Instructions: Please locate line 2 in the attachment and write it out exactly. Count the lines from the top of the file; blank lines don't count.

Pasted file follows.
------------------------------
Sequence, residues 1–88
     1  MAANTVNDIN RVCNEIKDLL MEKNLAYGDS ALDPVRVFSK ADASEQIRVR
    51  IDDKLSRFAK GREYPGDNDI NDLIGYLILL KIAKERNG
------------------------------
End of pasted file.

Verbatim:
     1  MAANTVNDIN RVCNEIKDLL MEKNLAYGDS ALDPVRVFSK ADASEQIRVR